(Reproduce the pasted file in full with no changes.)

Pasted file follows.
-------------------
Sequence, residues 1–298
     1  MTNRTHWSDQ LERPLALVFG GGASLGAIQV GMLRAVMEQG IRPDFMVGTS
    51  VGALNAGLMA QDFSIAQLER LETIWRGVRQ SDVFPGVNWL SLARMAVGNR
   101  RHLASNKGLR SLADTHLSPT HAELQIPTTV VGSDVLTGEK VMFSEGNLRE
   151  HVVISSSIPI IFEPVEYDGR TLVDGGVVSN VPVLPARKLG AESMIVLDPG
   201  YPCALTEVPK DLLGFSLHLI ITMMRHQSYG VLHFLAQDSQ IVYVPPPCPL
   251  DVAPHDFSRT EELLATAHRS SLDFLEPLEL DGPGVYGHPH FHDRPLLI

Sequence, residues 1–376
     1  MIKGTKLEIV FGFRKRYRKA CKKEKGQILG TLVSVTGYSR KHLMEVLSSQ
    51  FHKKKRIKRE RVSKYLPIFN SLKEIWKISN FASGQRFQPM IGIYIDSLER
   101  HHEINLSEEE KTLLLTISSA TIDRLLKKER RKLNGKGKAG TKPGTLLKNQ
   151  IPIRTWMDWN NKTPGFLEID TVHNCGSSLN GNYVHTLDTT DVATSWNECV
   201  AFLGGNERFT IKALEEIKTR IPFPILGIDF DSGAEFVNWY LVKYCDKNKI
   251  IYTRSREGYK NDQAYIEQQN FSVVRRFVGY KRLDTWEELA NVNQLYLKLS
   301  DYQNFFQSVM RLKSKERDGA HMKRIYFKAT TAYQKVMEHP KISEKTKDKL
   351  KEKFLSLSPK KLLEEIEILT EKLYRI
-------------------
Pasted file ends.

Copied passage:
Sequence, residues 1–298
     1  MTNRTHWSDQ LERPLALVFG GGASLGAIQV GMLRAVMEQG IRPDFMVGTS
    51  VGALNAGLMA QDFSIAQLER LETIWRGVRQ SDVFPGVNWL SLARMAVGNR
   101  RHLASNKGLR SLADTHLSPT HAELQIPTTV VGSDVLTGEK VMFSEGNLRE
   151  HVVISSSIPI IFEPVEYDGR TLVDGGVVSN VPVLPARKLG AESMIVLDPG
   201  YPCALTEVPK DLLGFSLHLI ITMMRHQSYG VLHFLAQDSQ IVYVPPPCPL
   251  DVAPHDFSRT EELLATAHRS SLDFLEPLEL DGPGVYGHPH FHDRPLLI

Sequence, residues 1–376
     1  MIKGTKLEIV FGFRKRYRKA CKKEKGQILG TLVSVTGYSR KHLMEVLSSQ
    51  FHKKKRIKRE RVSKYLPIFN SLKEIWKISN FASGQRFQPM IGIYIDSLER
   101  HHEINLSEEE KTLLLTISSA TIDRLLKKER RKLNGKGKAG TKPGTLLKNQ
   151  IPIRTWMDWN NKTPGFLEID TVHNCGSSLN GNYVHTLDTT DVATSWNECV
   201  AFLGGNERFT IKALEEIKTR IPFPILGIDF DSGAEFVNWY LVKYCDKNKI
   251  IYTRSREGYK NDQAYIEQQN FSVVRRFVGY KRLDTWEELA NVNQLYLKLS
   301  DYQNFFQSVM RLKSKERDGA HMKRIYFKAT TAYQKVMEHP KISEKTKDKL
   351  KEKFLSLSPK KLLEEIEILT EKLYRI